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As I’ve avoided working nine-to-five jobs for many years, I’m not much at
playing the game of “office politics” — which is a kind way of describing
the lying, cheating, back-stabbing and other sorts of underhanded power
brokering that goes on in most office situations.
However, as I’ve recently had the opportunity to produce some segments
for one of TV’s more popular investigative news shows, I’ve had a change to
observe what the desire for power has done to one particular person — up
close and personal.
It’s not a pretty sight.
Most of the salaried producers on this particular show earn between
$60,000 and 80,000 per year. The reporters make upwards of $80,000. Yet,
oddly the person who runs the whole shebang in this operation is a
Her name is Lucy. Let me describe her. Lucy is tiny — barely 100 lbs. —
and what would normally be described as pretty. Dark flowing locks, big
almond eyes, and an absolute perfect little figure. She is extremely sweet.
Yet from the moment I met her, I had this spooky feeling that said, “Watch
Lucy is constantly flattering everyone. Her favorite phrase is “You’re
sooooo helpful.” She says it to everyone — her office mates, the janitor …
you name it. Lucy is, extremely friendly.
Before I’d known her for five minutes, she was embracing me in a big bear
hug — as if we were long lost bosom buddies. Speaking of, er, bosoms, I
couldn’t help but notice the extremely thin material of Lucy’s wispy little
costume, which she manages to wear some approximation of each day of the
week. This penchant for physical encounters of the arousing kind is
something that Lucy is clearly very practiced in.
Lucy never gets mad. If she doesn’t like something you’re doing, what she
says is, “I’m a little concerned.” One day she said it 57 times. She said it
so many times that, frankly, I became a little concerned that I might
strangle the living bejesus out of her!
At the time Lucy was “helping” me (she’s soooo helpful) with a piece I
was producing about a cult. I was glad to have Lucy helping me; what I was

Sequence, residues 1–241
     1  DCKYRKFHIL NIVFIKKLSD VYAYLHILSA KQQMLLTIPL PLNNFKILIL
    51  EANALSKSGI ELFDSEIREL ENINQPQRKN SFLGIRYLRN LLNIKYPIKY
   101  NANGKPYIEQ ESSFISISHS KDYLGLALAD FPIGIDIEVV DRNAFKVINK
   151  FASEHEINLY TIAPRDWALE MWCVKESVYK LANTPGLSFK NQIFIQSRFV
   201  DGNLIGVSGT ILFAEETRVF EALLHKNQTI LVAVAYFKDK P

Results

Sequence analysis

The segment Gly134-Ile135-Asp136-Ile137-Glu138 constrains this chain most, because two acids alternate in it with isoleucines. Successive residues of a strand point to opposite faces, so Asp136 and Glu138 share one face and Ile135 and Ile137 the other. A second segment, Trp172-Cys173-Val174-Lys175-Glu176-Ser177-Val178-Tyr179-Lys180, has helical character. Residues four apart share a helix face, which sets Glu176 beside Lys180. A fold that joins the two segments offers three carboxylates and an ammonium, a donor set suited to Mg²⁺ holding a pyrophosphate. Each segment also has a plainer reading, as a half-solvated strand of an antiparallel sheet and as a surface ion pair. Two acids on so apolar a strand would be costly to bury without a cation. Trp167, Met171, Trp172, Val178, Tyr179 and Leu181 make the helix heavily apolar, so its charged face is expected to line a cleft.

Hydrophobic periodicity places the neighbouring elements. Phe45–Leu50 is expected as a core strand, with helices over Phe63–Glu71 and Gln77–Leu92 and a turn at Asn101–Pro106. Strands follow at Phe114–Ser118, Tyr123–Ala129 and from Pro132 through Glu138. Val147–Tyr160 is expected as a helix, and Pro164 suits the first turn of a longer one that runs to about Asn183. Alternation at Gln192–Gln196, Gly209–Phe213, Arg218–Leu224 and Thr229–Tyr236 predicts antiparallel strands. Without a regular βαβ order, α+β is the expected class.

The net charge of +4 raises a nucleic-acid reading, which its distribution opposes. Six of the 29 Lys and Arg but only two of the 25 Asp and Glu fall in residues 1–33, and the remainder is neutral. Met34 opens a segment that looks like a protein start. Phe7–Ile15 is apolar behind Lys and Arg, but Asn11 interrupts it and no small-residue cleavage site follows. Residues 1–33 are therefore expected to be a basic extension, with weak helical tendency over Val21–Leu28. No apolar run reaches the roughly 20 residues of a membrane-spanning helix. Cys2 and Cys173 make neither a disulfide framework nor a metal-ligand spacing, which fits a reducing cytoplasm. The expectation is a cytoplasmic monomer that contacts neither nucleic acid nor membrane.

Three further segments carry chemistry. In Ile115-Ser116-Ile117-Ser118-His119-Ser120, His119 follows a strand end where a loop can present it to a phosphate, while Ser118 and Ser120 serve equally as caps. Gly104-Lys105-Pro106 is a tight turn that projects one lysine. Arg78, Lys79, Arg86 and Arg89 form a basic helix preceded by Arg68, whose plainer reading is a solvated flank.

not particularly glad about was having to listen to her ideas on the topic.
I don’t mean to sound arrogant, but I don’t need to hear some 26-year-old
airhead’s ideas about a subject that I’ve been studying for over 15 years.
I wondered why Lucy worked so hard at “helping” me until I discovered
that her name had a habit of miraculously showing up onscreen as “producer”
of several segments on which she’d also “helped.” Oddly, the name of the
person who’d actually done the bulk of the work on the stories was often
OK, you’re saying, this is Hollywood. This happens all the time. Yes,
that’s true. But consider we’re not talking about power mongering amongst
heavyweights, but rather, by a person hired to answer the telephone!
I decided that I’d sit back and observe Lucy to see whether I was judging
her too harshly. From this new vantage point I saw that Lucy seemed to
operate form under a thick layer of goo which she lathered on everybody with
whom she came into contact. Besides her icky sweetness and her huggy,
kissy-poo approach, Lucy had another tactic. A master stroke, to be sure!
On her desk sat two jars which were constantly filled with sweets.
Everyone who came into that office eventually wound up with his hand in a
jar; what’s more, they usually came back for more. How perfect!
Like her counterpart, the black widow, Lucy lured her victims into her
lair with something tantalizing (in the black widow’s case the offer is for
sex, the sweetest candy of all). Then when she was sure she had them … she’d
go in for the kill!
I watched with absolute fascination as Lucy maneuvered herself into areas
she had absolutely no business in — interviewing people, writing scripts,
editing segments, watched her bald-faced lie in order to get what she wanted
from people. I watched as she blatantly stole other people’s ideas and took
the credit for herself. All with a big smile or her face.
The oddest part was that nobody seemed to notice. It was as if Lucy had
everyone in that office under a spell. I began to become obsessed with Lucy,
not as a person, for she was not a person — but rather as the epitome of a
strange and terrible disease. And then without warning, I saw into the heart
of her. The vision was beyond hideous.
Lucy was a ghoul — a vampire. A horrible, heartless unfeeling creature
who assimilated everything she came into contact with, making it part of
herself. She was literally a demon from hell!
I felt an odd compassion for Lucy as I imagined her in ten years. I could
see her wearing one of those tight, pinched faces with eyes that were bright
yet blank. If she didn’t burn out, no doubt she’d be one of the powerful
ones, the ones who buy people body and soul — like Faye Dunaway in the film,
Unfortunately, my compassion for Lucy was only temporary. Because Lucy’s
disease, lust — absolute, insatiable lust for power — is something we’re
all infected with, yours truly included. Observing it unbridled in one of my
fellow humans has only made more aware of it in myself.
For people like Lucy — and there are millions of them — we can only pray.
As for ourselves, we must continue to stay aware so that we don’t become …
one of them.
GOLDMAN HOOH HAH: I’m just going to say one thing, gang, and — with Y2K
coming on — I’ll bet dollars to dehydrated foodstuffs you already know what
it is: Super Snoopers, Super Snoopers, Super Snoopers, Super Snoopers. Get it. Get it. Get
it. Get it. And don’t forget:
SuperSnoopers.com — the the ultimate Web
spy site — is coming soon.